Thursday, March 23, 2017

More force needed to stop an attack than to start one

I'm still working on the chapter on blocking techniques in the martial arts in my book on the science behind fighting techniques. It is not as straight forward a subject as one might initially think.

My last post, Magnitude of Force to Change Direction or Stop a Moving Object, appealed to readers for technical information concerning the amount of force required to deflect a moving object (e.g. a punch). That appeal is still current, for the time being.

I'm working on Okazaki and Stricevic's 'Principles of Motion' in The Textbook of Modern Karate, that they say is helpful to understand in order to deal with a punch a kick. The second principle is:

To stop an object's motion requires a force greater than the one that set the object in motion. This has special relevance to blocking techniques when the objective is to arrest [(stop)] an attack.

An exploration of the concept of blocking techniques in the martial arts requires a chapter, so, I will only focus on the above PoM.

Firstly, Okazaki and Stricevic leave out one vital piece of information when explaining their second PoM. Force has magnitude, direction, and point of application. The direction of a force applied by a blocking technique has to be applied in the opposite direction to motion of the object/opponent's attacking body part in order to stop its motion. That is an important but often overlooked detail when many distinguish blocking techniques into two types: hard-soft, arresting-deflection, blocks-deflection, direct-indirect, etc.

Secondly, magnitude. Okazaki and Stricevic suggest more force is required to stop a moving object/opponent's attacking body part, than was needed to start it in motion. I initially thought that this might not be true; that only an equal an amount of force as that needed to initiate motion in an object was required to be applied in order to stop that object. In fact, I thought that if you applied more force to an object in motion than was applied to initiate its motion that it would cause the object to move in the direction of the greater force, e.g. backward. What do you think? Sounds reasonable.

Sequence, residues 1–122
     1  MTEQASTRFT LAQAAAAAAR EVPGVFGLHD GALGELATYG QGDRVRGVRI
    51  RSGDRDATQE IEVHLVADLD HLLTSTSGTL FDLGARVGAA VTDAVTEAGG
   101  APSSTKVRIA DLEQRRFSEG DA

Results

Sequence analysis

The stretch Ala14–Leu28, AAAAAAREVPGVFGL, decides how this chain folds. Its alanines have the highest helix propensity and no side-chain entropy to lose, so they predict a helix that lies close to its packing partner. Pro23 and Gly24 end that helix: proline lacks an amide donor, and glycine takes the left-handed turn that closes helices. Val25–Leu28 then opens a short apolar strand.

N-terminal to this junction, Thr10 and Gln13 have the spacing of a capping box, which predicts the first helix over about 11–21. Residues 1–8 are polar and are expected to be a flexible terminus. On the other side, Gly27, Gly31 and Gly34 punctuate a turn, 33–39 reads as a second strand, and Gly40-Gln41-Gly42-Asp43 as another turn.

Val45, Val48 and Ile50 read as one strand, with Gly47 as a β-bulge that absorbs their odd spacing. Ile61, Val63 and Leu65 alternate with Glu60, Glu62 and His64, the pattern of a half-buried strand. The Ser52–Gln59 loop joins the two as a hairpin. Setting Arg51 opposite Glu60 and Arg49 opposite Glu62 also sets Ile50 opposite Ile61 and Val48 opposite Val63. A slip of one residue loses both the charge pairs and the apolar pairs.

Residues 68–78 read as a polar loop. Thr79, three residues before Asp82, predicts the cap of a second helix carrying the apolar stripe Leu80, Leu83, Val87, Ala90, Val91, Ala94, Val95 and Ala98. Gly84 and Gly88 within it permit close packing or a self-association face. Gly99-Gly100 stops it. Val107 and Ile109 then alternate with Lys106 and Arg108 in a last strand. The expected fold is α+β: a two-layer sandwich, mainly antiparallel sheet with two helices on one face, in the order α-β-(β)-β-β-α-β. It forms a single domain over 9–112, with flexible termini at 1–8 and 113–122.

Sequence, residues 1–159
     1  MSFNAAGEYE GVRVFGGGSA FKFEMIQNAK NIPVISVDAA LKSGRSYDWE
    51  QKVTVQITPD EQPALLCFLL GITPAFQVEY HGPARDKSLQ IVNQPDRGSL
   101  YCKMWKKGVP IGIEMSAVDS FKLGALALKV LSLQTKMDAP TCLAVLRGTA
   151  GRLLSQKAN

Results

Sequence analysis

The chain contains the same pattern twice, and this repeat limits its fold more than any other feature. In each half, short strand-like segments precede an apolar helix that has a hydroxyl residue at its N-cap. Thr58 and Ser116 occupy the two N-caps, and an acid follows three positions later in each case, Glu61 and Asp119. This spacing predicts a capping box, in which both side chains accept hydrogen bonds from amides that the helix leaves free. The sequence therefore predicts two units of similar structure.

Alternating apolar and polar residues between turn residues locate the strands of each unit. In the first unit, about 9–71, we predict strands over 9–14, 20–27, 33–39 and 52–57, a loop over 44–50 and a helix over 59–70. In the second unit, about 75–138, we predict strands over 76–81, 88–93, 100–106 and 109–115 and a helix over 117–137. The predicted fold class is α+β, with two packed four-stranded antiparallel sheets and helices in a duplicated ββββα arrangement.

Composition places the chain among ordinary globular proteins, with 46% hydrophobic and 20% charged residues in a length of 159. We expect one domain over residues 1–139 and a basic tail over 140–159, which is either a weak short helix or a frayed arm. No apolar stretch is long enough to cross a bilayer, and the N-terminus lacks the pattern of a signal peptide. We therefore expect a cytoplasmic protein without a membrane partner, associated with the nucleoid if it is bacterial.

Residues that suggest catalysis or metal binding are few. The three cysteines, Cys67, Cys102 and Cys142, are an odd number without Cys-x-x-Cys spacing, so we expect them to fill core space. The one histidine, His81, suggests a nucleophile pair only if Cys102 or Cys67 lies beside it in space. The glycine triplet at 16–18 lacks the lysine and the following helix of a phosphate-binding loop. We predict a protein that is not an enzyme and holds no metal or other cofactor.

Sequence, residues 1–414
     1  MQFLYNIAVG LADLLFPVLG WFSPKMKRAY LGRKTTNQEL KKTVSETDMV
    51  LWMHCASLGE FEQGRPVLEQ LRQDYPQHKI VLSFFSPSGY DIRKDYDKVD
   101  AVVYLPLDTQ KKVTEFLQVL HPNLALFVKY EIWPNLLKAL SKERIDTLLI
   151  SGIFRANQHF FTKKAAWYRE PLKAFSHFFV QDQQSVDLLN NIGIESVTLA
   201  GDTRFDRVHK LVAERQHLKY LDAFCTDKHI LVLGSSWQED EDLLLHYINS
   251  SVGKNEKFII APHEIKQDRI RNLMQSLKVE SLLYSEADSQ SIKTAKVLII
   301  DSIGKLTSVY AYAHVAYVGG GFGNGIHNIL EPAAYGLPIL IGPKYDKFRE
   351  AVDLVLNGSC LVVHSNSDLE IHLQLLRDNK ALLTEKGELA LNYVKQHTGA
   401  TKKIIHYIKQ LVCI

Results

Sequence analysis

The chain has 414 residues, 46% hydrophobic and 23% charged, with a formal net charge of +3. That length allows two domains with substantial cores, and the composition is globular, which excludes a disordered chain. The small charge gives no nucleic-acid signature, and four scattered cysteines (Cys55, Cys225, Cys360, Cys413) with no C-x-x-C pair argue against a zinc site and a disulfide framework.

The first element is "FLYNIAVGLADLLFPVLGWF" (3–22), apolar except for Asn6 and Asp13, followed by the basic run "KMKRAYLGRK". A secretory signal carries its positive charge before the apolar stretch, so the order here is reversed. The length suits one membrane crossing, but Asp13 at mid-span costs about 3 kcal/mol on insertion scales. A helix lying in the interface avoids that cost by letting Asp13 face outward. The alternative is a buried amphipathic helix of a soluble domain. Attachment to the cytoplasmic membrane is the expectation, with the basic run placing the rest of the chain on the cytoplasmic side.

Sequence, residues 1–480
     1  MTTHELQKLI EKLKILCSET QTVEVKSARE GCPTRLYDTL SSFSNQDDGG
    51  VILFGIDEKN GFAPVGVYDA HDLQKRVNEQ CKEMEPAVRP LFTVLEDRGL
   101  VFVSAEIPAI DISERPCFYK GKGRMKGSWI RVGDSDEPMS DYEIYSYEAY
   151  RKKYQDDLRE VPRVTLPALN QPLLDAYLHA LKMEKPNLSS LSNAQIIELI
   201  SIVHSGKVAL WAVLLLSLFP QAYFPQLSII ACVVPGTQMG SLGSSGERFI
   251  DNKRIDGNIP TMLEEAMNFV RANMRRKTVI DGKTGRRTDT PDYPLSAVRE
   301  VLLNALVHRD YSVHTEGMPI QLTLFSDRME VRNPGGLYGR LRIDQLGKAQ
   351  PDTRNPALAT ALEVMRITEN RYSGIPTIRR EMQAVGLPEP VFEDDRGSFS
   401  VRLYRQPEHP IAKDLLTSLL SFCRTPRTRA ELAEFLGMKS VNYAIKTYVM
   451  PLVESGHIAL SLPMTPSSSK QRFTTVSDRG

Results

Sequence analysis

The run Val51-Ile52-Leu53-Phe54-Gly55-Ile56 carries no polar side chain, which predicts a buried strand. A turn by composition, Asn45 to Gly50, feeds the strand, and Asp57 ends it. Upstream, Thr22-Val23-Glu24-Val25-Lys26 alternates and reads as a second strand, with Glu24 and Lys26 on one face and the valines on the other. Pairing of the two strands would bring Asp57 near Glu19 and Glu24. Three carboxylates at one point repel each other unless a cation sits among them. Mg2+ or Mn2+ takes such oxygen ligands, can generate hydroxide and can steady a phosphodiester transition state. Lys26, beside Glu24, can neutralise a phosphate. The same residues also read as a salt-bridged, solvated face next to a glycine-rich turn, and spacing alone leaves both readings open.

As is so often the case in developing the theory in my book, I didn't rely on my assumptions/opinions and went in search of an authoritative answer to this question. I didn't find one per se, however, I was able to develop one from an equation for how much force is required to start an object in motion.

Force can be calculated by the equation change in momentum divided by time. Momentum is calculated as the product of mass and velocity. Force is measured in Newtons (N). What force is required to get a 10 kg object moving at 12 m/s in 5s?

Momentum at start = 10 x 0 = 0 kg m/s
Momentum at end = 10 x 12 = 120 kg m/s
Change in momentum = 120 - 0 = 120 kg m/s
Force = change in momentum/time = 120/5 = 24 N

How much force is needed to stop the above object in motion nearly instantaneously, say in 1s?

Momentum at start = 10 x 12 = 120 kg m/s
Momentum at end = 10 x 0 = 0 kg m/s
Change in momentum = 0 - 120 = -120 kg m/s
Force = change in momentum/time = -120/1 = -120 N

The time was chosen for an instantaneous stopping action. The negative value reflects force applied in the opposite direction. Five times as much force as initiated the motion of that object/attack is required to to be applied to stop that moving object/attack in that time frame.

This equation is also used to describe Impulse and explain how increasing the time that force is applied decreases the average amount of force required to stop an object. E.g. pulling your hands back as you catch a moving ball.

Now, working on how much force is required to deflect a moving object. Anyone?

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